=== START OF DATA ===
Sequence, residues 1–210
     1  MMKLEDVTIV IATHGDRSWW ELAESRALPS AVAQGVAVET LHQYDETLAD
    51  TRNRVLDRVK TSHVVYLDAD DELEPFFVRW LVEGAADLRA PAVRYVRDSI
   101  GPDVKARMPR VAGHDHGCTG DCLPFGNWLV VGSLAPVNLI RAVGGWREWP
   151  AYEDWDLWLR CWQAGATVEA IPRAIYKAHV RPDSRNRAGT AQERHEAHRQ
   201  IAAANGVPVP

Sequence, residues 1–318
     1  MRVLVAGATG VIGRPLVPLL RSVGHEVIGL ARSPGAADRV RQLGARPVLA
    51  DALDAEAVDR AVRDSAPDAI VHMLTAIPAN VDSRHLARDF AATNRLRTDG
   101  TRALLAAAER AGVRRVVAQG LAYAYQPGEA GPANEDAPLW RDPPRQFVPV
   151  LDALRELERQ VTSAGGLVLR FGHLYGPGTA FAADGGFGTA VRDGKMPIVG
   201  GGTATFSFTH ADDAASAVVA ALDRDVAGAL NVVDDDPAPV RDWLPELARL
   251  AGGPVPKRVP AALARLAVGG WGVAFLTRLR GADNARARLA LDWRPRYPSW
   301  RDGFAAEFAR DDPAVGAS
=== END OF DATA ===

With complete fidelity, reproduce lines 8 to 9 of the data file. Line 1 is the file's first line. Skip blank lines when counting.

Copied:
     1  MRVLVAGATG VIGRPLVPLL RSVGHEVIGL ARSPGAADRV RQLGARPVLA
    51  DALDAEAVDR AVRDSAPDAI VHMLTAIPAN VDSRHLARDF AATNRLRTDG